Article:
How can we all be so connected, and our government be so disconnected?
One of the benefits of living in the 21st century is that thanks to jet travel and the Internet, I constantly talk to Americans from every state and every walk of life. And believe me, they are not shy about sharing their opinions. It gives me a perspective that I wish more of our politicians and media people inside the Beltway Bubble could experience.
If I had to explain their low approval ratings in one word, it would be “disconnection.” I don’t think there’s ever been a time when the people in government and the media were so out of touch with the people they’re supposed to be serving (as many of them learned to their shock on Election night, 2016.) They apparently really believed that when voters asked for “change,” they wanted bigger deficits and a bloated nanny state regulating the size of their sodas. Trust me, based on what they told me, they did not.
If you ask most Americans what they want from government, it’s not to have every aspect of their lives “transformed,” including those that worked a lot better before the government “improved” them. They don’t want 2,000-page bills nobody’s read, or bureaucrats telling them which doctor they can see or how much money they’re allowed to make. The list of what most Americans say they want is actually pretty short: national defense, secure borders, safe streets; smooth highways; care for veterans, seniors, children and the disabled; good schools, police and firefighters, and oh yeah, it would be nice if the trash were picked up on time. That’s about it.
Yet somehow, the government finds so many ways to meddle in our lives that federal, state and local government spending combined now equals about 40 percent of America’s entire gross domestic product. And in some places, they still don’t pick up the garbage on time!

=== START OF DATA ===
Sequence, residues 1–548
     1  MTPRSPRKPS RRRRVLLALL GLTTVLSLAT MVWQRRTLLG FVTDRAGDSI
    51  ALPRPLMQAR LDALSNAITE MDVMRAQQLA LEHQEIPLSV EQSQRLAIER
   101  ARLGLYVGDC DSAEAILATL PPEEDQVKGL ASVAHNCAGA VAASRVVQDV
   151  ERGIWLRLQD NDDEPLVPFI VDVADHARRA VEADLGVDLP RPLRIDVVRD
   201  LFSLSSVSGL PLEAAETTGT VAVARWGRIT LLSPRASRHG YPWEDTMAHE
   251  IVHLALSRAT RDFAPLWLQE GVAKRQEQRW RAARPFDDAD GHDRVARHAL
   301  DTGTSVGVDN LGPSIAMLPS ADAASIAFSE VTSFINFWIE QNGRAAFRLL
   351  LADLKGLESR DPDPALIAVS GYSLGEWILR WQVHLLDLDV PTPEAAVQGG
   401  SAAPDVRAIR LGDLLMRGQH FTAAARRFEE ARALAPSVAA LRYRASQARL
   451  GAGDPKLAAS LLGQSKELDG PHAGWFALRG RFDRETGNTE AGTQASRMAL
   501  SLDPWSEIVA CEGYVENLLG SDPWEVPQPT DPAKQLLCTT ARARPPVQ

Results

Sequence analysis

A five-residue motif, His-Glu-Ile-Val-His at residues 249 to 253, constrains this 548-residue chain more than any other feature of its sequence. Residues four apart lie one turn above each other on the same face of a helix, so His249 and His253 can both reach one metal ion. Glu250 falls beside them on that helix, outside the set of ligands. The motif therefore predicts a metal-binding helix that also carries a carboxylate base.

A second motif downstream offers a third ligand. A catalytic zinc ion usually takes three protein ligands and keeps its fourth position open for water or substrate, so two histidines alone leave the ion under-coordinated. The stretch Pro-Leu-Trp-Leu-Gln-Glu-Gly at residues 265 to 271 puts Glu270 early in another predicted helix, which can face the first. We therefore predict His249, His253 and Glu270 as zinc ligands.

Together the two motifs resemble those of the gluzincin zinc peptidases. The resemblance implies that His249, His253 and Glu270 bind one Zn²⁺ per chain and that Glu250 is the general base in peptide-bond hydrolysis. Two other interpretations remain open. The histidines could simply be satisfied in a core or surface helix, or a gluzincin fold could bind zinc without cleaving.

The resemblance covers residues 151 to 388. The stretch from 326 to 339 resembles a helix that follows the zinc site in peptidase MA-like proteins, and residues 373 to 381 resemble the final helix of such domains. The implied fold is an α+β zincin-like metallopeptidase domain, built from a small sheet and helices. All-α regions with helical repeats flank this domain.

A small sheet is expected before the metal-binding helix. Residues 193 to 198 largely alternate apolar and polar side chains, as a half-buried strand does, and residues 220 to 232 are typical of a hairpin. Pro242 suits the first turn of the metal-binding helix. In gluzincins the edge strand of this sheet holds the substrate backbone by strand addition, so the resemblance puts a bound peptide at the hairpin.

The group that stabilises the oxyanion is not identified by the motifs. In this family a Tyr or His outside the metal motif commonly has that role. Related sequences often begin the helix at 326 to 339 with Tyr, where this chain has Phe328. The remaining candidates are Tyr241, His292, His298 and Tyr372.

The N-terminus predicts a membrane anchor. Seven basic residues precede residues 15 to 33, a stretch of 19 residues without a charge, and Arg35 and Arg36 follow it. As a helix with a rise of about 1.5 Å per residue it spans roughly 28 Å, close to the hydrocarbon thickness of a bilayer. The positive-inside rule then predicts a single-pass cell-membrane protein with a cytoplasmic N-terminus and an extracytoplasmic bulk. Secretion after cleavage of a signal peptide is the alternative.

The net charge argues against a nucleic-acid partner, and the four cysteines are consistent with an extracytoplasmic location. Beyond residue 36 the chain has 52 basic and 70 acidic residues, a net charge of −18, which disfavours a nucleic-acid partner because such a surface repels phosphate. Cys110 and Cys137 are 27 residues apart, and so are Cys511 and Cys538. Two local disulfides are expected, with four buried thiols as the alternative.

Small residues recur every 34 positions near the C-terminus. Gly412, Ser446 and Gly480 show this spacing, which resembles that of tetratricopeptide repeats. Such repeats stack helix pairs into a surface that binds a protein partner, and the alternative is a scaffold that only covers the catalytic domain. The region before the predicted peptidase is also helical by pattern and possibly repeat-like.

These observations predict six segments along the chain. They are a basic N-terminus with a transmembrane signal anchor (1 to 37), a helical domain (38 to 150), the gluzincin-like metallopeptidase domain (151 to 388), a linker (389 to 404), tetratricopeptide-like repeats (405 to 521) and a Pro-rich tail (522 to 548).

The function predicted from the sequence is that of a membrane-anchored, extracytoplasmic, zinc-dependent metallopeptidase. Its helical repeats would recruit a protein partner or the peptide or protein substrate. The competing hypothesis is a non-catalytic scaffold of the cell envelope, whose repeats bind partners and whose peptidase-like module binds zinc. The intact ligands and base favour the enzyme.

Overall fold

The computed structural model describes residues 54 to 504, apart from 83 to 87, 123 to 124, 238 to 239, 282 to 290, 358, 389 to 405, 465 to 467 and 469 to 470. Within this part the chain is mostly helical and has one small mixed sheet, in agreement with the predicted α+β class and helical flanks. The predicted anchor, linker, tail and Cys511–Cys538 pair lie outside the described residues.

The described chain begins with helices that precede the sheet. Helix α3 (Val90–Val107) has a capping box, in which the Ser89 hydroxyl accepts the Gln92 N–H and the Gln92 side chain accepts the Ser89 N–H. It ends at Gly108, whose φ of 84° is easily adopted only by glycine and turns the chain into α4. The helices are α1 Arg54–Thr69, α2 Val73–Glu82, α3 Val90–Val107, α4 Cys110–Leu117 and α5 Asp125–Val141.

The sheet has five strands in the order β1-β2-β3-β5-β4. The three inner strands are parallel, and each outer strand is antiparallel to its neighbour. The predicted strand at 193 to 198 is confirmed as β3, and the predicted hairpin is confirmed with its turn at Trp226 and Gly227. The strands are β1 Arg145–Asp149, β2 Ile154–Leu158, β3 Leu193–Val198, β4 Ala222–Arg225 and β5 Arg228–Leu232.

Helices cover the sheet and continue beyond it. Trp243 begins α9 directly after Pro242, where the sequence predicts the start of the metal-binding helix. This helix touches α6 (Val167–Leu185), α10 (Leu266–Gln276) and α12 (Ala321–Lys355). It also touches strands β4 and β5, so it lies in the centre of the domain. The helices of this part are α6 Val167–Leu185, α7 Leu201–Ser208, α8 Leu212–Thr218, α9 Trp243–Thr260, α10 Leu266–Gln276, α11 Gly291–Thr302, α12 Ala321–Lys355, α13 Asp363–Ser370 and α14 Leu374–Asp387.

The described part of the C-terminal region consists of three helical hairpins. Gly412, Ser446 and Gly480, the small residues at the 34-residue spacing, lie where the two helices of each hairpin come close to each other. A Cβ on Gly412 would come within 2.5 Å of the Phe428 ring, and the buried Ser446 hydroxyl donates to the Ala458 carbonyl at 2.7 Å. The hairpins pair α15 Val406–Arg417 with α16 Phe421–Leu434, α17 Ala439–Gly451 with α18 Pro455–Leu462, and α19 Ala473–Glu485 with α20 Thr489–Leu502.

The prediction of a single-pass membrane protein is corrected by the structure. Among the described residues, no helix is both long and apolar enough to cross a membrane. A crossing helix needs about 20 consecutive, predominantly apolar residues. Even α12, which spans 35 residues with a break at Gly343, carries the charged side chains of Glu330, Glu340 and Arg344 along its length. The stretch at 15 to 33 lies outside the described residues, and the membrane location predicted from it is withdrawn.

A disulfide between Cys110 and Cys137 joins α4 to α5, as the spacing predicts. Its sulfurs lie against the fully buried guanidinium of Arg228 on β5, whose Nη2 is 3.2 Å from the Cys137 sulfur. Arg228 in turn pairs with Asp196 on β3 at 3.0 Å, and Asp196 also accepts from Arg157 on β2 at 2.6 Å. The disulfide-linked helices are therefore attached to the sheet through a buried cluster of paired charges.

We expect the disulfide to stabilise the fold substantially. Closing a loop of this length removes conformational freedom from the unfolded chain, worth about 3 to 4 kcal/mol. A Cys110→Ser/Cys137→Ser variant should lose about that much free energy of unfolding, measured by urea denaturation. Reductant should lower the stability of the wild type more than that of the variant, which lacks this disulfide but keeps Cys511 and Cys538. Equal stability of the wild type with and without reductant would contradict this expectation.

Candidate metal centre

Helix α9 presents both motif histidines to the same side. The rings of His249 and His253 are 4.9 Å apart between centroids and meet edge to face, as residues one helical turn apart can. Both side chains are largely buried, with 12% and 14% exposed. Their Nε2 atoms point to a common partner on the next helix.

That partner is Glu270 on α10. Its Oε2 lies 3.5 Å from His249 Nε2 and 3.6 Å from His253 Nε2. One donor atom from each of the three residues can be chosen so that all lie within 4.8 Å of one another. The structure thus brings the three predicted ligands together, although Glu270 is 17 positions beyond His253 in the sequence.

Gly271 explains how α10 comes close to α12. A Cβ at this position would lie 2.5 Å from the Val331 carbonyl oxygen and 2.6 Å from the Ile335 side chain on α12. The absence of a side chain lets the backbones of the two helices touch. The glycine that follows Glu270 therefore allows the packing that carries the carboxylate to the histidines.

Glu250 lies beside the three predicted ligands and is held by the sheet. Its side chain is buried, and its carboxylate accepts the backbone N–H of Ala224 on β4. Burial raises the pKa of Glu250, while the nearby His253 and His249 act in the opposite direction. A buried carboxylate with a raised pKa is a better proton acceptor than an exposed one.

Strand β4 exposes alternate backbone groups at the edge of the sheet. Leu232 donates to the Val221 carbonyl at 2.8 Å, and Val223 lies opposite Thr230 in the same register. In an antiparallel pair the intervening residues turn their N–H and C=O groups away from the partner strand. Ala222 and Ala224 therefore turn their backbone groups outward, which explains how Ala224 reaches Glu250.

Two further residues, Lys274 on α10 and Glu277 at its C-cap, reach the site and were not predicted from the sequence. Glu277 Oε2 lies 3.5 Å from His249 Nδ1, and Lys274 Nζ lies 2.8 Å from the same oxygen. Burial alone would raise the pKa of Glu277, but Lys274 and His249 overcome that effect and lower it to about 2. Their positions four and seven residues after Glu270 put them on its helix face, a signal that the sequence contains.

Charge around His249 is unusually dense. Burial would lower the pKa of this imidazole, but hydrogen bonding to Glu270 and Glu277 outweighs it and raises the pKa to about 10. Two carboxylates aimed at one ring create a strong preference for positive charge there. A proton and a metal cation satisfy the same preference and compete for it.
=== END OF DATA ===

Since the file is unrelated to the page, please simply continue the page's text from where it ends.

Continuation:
In poll after poll, Americans say loud and clear: they want less government and less spending. They don’t care what the talking heads or the endlessly-surprised economists or the “too-big-to-fail” Wall Street failures say: they want government out of their lives, out of their wallets and out of their way. Sadly, whenever political candidates support that philosophy, their opponents and the media paint them as cold-hearted and uncaring. Compassion has been redefined as the willingness to spend limitless amounts of other people’s money. The media also devote almost no time to examining political philosophies and a lot of time to gotcha games, gaffes, and who’s ahead in the horse race.
But the horse is now out of the barn. Americans have experienced firsthand the results of so-called “progressive” policies. Government out of control, the debt at record levels, a health care boondoggle two-thirds of us didn’t want, and the economy still struggling long after it should’ve roared back.
The Election of 2016 was not a surprise to me. I predicted it months in advance because, unlike so many people who claim to represent or report on the American people, I actually talk to – and more importantly, listen to - the American people. Now, even though the economy has roared back, I’ll make another prediction about the upcoming election:
I predict that politicians who try to sell Americans on a return to policies that they saw didn’t work will fail, for the same reason that a used car salesman has a hard time selling a lemon to the same customer twice. I also predict that politicians who were elected on a promise to change those policies will stay in office only as long as they remember why the American people sent them there.